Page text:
As I type about the broader milieu in which this attack took place, there are people—mostly lower income women—who rely on that Planned Parenthood and who no longer have access to its services. Sadly, this was one of the goals of the terrorist.

And while many, including yours truly, took to social media to note the disparity between a white man who shot 11 people and killed three being taken into custody alive, and the perpetually growing list of Black and brown men, women, and children killed in seemingly-less dangerous circumstances, Cameron has a different take.

planned parenthood, colorado springs

The now destroyed Planned Parenthood in Colodaro Springs

“That hours long standoff was his way of destroying the clinic. The man wasn’t taken alive because he was white, to be honest. He was taken alive because the intent was always to destroy the clinic. Once the armored truck rammed through the building that’s when he gave up. He didn’t want them to kill him, he shot just enough people to draw the necessary response, didn’t shoot a single hostage and made them retrieve him.”

Cameron added the disclaimer that he didn’t know that for sure, but it certainly strikes me as a plausible explanation.

Regardless, this is a vital reminder that the victims of this attack aren’t just those who were killed or wounded. It’s the people who are struggling right now to get the services Planned Parenthood provides. And they need more than our outrage.

The question then becomes, what can we do to reclaim what’s been lost, and to move from outrage to action. I don’t have all the answers, but here are a few suggestions.

First, let’s show our support for Planned Parenthood and for easy, safe, and affordable access to abortions. As Jessica Valenti put it, “While it’s true that Planned Parenthood offers a variety of services, I think it’s safe to say the attacker wasn’t there because he was angry about pap smears.”

This is an essential point. The stigmatization of abortion happens on the left and right. When the left defends Planned Parenthood by defensively noting that abortion services are low on the list of those offered, we are buying into the notion that abortion should be stigmatized, and consequently adding to this stigmatization.

We need to stand up for what’s being attacked, not to deflect by pointing to what isn’t.

Ke'Arre Stewart — a 29-year-old father-of-two, Iraq war veteran and victim of the attack on Planned Parenthood

Ke’Arre Stewart — a 29-year-old father-of-two, Iraq war veteran and victim of the attack on Planned Parenthood

I’m sitting here right now typing with my newborn next to me. She’s three weeks old. She’s the result of family planning. Were it not for Planned Parenthood and safe, affordable access to abortion services, my life would look very different right now and she wouldn’t exist.

Second, as mentioned, there are people in need of services they no longer have access to, or will have a much more difficult time accessing. This one is tricky. Privacy laws make coordinating help for these patients difficult. But local medical providers could easily announce that they’ll take on impacted patients at discounted rates (or for free). If you’re willing to do this you can contact me and I’ll help publicize your willingness so patients can reach out to you.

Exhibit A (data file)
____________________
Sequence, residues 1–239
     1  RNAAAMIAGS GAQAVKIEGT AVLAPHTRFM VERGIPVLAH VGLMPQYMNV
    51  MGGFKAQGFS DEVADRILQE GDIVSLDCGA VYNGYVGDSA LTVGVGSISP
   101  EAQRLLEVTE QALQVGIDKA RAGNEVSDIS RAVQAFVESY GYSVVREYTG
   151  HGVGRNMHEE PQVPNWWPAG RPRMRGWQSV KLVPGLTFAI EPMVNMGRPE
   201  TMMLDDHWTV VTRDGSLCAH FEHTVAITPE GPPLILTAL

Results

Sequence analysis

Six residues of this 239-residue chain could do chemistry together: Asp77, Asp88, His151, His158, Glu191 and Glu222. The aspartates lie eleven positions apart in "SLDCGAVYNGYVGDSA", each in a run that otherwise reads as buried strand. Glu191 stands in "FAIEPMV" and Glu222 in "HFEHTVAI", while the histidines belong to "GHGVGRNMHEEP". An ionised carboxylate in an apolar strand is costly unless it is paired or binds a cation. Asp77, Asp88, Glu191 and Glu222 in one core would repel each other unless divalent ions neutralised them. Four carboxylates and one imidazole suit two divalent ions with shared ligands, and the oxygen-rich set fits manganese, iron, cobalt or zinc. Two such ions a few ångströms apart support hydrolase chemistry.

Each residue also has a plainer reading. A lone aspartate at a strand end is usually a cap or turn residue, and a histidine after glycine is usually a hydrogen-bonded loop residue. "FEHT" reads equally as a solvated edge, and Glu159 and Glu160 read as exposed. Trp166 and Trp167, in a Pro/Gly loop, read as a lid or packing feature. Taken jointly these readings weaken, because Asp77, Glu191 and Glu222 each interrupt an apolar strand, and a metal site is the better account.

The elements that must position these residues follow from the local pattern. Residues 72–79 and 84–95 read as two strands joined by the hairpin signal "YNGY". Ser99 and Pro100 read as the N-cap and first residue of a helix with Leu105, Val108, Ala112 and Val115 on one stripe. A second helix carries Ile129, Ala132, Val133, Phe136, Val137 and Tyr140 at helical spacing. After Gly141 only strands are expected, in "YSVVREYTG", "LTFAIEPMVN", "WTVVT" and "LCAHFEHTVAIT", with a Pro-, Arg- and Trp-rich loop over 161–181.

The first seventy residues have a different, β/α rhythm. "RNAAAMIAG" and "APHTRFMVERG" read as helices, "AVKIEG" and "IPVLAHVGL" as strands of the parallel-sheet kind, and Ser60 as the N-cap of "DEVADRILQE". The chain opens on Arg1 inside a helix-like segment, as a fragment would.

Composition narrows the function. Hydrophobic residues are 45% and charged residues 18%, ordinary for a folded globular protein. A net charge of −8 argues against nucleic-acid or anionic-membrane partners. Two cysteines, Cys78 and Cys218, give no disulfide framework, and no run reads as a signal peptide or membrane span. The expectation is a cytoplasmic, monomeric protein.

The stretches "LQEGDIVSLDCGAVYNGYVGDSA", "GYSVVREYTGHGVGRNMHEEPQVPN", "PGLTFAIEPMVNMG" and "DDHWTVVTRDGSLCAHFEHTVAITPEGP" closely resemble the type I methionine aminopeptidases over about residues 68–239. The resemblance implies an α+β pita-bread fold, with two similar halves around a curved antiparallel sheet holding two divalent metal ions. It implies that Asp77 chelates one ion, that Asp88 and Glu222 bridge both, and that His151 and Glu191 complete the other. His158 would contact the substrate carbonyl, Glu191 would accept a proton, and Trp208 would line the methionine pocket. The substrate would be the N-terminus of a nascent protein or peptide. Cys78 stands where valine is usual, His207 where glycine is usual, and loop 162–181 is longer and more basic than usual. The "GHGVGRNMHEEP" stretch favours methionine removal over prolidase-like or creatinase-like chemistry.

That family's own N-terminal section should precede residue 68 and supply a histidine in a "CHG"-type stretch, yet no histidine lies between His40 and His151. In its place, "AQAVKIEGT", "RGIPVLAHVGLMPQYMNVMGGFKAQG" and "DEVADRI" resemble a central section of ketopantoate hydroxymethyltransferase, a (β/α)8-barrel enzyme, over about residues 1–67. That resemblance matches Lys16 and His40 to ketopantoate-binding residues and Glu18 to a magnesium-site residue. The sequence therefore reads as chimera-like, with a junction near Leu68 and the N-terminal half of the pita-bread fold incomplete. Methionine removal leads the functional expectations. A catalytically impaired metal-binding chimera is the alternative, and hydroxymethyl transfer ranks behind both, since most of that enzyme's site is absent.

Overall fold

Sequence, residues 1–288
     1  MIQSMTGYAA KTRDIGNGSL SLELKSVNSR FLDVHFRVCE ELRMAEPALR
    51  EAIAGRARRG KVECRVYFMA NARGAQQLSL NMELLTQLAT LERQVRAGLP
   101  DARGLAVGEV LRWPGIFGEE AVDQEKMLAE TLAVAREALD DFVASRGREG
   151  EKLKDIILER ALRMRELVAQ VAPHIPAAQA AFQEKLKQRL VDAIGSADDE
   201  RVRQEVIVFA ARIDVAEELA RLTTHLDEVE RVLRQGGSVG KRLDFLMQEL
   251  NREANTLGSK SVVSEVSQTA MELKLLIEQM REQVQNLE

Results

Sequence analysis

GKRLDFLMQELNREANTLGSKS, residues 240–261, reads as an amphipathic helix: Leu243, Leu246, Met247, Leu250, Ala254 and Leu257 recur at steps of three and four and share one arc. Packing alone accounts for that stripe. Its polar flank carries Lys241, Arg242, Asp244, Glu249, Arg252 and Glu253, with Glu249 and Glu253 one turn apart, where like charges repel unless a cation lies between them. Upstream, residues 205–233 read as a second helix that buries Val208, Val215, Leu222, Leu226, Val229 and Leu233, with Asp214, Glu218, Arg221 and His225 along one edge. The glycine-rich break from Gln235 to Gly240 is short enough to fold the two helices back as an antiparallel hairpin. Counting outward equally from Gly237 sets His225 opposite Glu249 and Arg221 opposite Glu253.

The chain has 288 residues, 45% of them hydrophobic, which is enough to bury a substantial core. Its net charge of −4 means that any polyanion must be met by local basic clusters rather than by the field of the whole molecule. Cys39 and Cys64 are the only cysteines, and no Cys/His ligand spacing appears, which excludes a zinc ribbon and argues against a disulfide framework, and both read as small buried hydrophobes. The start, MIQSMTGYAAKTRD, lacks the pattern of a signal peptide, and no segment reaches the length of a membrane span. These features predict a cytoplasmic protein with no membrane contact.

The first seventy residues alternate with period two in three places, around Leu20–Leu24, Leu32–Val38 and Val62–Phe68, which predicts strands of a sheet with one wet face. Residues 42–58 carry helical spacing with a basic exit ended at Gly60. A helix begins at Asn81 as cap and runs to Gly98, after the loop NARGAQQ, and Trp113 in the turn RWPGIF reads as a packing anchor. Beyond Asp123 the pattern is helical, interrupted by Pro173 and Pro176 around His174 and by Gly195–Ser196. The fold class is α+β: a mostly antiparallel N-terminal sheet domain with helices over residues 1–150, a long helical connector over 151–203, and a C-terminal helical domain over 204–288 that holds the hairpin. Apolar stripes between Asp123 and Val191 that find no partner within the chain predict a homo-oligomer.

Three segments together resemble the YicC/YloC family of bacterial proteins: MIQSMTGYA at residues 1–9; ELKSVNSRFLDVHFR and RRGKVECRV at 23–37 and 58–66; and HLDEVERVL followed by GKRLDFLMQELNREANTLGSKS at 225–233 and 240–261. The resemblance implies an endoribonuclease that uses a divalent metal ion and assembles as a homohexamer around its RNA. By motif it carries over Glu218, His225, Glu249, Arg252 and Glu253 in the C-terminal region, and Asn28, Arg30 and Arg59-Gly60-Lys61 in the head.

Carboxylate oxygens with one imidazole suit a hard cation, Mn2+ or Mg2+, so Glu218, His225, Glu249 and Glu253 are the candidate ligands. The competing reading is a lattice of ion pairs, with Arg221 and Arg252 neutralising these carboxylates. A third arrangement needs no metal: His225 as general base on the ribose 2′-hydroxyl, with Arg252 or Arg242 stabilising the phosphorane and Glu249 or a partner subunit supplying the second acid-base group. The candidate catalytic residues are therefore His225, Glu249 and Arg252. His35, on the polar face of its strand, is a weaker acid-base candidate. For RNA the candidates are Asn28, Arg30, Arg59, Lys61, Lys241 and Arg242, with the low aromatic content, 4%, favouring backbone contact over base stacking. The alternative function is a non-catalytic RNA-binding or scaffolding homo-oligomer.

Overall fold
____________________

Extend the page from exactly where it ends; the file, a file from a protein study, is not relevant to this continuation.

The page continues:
Along those same lines, if you’re not a local medical provider but live in the area and have one, you could give them a call and recommend they open their practice to help out.

Third, there are efforts underway to help coordinate rides to different Planned Parenthood locations. Again, this is difficult due to privacy laws and a myriad of other reasons. But if you’re able to and willing to help with this, contact me and I’ll try to put you in touch with the organizers working to get it done.

Fourth, you can find links to donate to the families of victims here, to donate and get involved with Planned Parenthood of the Rocky Mountains here, or to get involved with and donate to NARAL here.

Garrett Swasey was married with two children and was a co-pastor at Hope Chapel before being killed in the attack on Planned Parenthood

Garrett Swasey was married with two children and was a co-pastor at Hope Chapel before being killed in the attack on Planned Parenthood

Fifth, if you’re a local contractor or handyperson, consider reaching out to Planned Parenthood officials to offer your time, expertise, or resources to help rebuild the destroyed facility in Colorado Springs. While the investigation is ongoing and likely to last for awhile, once it’s done and the faster the lone Planned Parenthood in Colorado Springs can be repaired and reopened, the better.

Sixth, get creative. There’s certainly more that can be done outside of this small list. Use your unique perspective, talents, platforms, networks, and knowledge to help however you can. Maybe that means taking a sign and standing outside the Planned Parenthood nearest to you to show support for those entering and exiting the building. Maybe it means having a conversation with a relative or friend about why it’s important that women have safe and affordable access to abortions and healthcare. Maybe it means organizing a demonstration to show support, like this one in my home town.

Even a simple note on social media can make a difference, as Vicki Cowart, CEO of Planned Parenthood of the Rocky Mountains noted.

“The outpouring of love on social media, the letters and emails are very important for our staff. People can volunteer and apply to volunteer through our website.”

I don’t know what your contribution should be. My point is simply that you can help. You just need to make the effort to do so.

About Author

Jesse Benn is an independent media studies scholar, a writer, and an activist journalist. He holds a Master of Arts in Journalism from the University of Colorado and is currently taking a year off before beginning a Ph.D program. When he isn’t taking to the streets or pushing for radical societal change elsewhere he’s hanging out with his new daughter. He can be reached at: JesseBenn@mail.com.